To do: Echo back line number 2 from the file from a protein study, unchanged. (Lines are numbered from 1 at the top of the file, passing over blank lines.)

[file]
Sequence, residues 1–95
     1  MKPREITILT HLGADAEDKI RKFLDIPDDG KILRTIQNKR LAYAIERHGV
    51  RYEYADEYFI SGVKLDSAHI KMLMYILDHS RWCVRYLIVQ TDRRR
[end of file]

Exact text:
     1  MKPREITILT HLGADAEDKI RKFLDIPDDG KILRTIQNKR LAYAIERHGV